This year’s Hubert H. Humphrey Fellows at the Arizona State University are expected to do a presentation on Climate Change at the upcoming Global Leadership Forum to be held from November 2 – 6, 2014. The Fellows are to join other International Fellows who are presently in the United States from around the U. S to share perspectives and chat the course for future action to address Climate Change.
ASU HHH Fellows presentation tagged “If it’s global, it’s about you,” will feature among other things a Polar Bear in an interview people about their view on Climate Change.
But actually it was not until recent media reports, that the issue of Climate Change ranks as the third popular issues in the elections and with other issues of national concern, jerked me up and had me thinking about how it apply to my Country, Liberia. Then the tag of our presentation, “If it’s Global, it’s about you,” actually hit home to me.
Liberia’s 350 miles of coastline encompasses coastal lagoons and mangroves as well as beachfronts. Climate change has already started to impact the country, with heavy rains, flooding, storm surges and erosion along the coast.
The Liberian coast has been subject to serious erosion and storm damage at many points. Abrasive currents, high-energy wave patterns and storm surges combine to create serious levels of coastal erosion.
According to a Global Environment Facility report, Forecasted global climate change, leading to rising sea levels and increased intensity of storms, is predicted to accelerate at the present catastrophic situation of coastal erosion. The anticipated impacts are potentially disastrous, and are likely to include: the exacerbation of poverty, the destruction of rural infrastructure (markets, roads, centers, clinics, etc.), and the destruction of land and livelihood equipment (boats, mobile market stands, stoves, etc). These factors are to affect the most densely populated areas and the lives of large numbers of poor people.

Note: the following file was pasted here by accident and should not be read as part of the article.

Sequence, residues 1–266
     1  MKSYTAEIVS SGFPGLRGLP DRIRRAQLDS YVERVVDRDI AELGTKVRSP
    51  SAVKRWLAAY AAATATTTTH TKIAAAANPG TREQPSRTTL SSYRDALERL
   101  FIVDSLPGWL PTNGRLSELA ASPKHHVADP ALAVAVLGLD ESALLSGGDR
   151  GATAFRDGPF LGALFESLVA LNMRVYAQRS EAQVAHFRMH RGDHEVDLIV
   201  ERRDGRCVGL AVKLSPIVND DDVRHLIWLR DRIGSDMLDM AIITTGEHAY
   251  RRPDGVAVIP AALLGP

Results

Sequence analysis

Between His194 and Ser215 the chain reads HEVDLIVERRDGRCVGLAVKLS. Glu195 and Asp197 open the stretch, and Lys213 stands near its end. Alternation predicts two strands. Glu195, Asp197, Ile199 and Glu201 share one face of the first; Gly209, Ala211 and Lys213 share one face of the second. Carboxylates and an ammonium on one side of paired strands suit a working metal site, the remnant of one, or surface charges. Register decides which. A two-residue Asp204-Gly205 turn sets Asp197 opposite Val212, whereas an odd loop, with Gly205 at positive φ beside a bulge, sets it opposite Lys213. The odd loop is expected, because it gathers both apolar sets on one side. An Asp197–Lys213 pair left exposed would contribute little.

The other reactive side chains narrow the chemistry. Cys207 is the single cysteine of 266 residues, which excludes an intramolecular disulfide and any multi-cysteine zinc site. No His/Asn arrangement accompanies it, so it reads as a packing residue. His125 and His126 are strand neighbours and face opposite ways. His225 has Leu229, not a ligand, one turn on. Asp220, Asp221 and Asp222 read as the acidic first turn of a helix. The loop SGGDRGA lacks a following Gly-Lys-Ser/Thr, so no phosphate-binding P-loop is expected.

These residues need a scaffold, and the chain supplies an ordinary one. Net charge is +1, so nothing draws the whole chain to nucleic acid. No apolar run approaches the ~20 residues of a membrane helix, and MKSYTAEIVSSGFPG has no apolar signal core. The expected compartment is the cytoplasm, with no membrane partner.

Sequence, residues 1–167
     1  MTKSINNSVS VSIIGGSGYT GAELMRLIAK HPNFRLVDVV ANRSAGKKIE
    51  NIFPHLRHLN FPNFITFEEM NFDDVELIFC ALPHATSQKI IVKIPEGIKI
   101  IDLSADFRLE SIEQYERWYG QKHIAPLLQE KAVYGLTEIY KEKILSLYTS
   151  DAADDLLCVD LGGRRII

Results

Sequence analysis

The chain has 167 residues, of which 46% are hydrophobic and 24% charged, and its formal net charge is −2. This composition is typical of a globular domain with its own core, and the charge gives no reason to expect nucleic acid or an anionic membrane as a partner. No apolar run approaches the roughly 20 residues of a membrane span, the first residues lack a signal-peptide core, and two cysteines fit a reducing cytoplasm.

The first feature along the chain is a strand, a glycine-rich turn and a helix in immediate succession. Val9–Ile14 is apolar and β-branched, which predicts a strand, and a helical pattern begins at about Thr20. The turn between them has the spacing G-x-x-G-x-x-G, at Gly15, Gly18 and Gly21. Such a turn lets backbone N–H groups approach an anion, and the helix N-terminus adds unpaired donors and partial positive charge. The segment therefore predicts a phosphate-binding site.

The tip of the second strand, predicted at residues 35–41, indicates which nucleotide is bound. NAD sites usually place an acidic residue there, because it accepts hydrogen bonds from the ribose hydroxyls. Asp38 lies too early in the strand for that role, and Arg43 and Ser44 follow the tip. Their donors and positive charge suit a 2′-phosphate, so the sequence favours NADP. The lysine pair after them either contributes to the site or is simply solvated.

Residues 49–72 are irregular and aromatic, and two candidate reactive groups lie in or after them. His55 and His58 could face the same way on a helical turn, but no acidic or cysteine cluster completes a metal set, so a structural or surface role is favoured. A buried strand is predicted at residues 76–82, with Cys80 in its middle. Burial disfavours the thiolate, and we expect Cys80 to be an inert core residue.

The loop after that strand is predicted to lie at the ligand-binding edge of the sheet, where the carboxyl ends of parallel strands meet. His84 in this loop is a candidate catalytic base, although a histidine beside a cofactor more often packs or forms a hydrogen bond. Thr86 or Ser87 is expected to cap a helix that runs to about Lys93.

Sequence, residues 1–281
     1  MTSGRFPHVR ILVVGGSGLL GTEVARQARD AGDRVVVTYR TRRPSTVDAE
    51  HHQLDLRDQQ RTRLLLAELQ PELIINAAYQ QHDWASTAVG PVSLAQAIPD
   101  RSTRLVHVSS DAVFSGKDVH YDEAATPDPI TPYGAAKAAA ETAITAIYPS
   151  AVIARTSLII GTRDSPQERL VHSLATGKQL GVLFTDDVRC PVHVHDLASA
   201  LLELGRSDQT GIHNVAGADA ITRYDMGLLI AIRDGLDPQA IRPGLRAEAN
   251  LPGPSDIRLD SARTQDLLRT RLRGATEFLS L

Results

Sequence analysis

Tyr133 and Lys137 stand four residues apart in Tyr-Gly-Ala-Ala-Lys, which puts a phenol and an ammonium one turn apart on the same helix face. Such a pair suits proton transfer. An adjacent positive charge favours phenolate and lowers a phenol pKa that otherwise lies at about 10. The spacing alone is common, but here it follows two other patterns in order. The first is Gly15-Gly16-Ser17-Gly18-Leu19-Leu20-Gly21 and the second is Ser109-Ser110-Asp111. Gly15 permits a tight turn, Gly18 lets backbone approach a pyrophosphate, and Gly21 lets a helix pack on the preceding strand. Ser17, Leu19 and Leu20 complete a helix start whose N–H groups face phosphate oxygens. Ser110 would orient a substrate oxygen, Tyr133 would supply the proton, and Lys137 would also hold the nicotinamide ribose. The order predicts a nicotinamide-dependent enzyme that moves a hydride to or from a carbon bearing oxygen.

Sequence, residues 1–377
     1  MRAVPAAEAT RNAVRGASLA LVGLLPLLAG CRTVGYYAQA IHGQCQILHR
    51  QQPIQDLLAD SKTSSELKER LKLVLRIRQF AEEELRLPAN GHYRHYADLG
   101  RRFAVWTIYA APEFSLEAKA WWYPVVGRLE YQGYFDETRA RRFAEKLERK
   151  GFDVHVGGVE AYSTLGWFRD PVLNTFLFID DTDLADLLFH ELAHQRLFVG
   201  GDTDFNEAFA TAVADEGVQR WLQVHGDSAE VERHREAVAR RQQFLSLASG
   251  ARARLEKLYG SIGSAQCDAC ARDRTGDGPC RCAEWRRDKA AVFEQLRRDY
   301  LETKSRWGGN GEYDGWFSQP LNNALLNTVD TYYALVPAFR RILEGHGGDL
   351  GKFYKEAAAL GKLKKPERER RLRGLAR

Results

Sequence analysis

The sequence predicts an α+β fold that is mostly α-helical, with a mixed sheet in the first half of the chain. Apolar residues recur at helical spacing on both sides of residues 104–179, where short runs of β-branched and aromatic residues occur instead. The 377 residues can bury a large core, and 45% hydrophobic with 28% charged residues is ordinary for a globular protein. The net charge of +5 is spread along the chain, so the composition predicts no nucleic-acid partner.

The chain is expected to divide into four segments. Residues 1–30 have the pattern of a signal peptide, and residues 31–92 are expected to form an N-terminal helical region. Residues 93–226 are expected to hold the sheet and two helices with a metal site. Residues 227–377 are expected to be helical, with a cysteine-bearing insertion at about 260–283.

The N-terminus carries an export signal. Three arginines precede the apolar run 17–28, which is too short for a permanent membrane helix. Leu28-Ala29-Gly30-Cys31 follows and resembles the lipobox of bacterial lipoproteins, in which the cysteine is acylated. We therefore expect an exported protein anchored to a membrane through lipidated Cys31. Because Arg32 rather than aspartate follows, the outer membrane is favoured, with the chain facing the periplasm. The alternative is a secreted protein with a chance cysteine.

Already the homes and businesses of thousands of poor people living on Liberia’s coast are being swept away by rising sea levels.
, Grand Bassa County, Liberia.
In response, the Liberian government had started addressing this issue from several fronts, including a jointed project with the UNDP, tagged “Enhancing Resilience of Vulnerable Coastal Areas to Climate Change Risks.” The project is expected to focused at the community level, in three specific areas: to develop the capacity to protect the coast at the county and national levels, the enabling environment to sustainably manage and protect coastal resources will be enhanced, improving areas such as sectorial reform, policy reform, strengthening institutions and encouraging education.
The Liberian House of Representatives also passed into law an Act establishing a Coastal Defense Fund in Liberia to protect the coastal belt against coastal erosion by employing navy of the hard and sift engineering technologies such as beach nourishment, construction of sea walls, boulders, revetments, groans and gab ions.
Now these may seem like a tiny punches in a fight against a giant, yet as the issue of Climate Change is continuously been highlighted, you and I representing families, communities, societies and nations, yea the world, are at the table now to chat the course of history in addressing Climate Change, thus If It’s Global, It’s About You.
One Comment on “Climate Change, how does it concern me and you?”
Your approach to this blog post is really genuine, and I think it’s powerful how you included some specific examples about Liberia. Your title is very intriguing and it made me interested to learn about how all of this affects me directly. Various projects that approach these tough issues from a global level are certainly important – but what are truly impactful are community efforts. Banding together in times of need is valuable, and precautionary efforts are needed, too. Your closing though – about punches against a giant – really impacted me because it reminds me that solutions (and defeat) doesn’t happen over night, and sometimes takes continued work to make a difference.
Great job – your insights on this topic are very valuable.
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